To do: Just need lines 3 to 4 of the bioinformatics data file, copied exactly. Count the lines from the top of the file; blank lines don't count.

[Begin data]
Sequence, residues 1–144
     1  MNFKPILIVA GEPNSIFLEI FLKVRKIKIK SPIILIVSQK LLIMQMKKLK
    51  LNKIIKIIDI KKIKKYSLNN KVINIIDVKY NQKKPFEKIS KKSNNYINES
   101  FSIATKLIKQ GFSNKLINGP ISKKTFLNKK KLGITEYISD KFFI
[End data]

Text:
    51  LNKIIKIIDI KKIKKYSLNN KVINIIDVKY NQKKPFEKIS KKSNNYINES
   101  FSIATKLIKQ GFSNKLINGP ISKKTFLNKK KLGITEYISD KFFI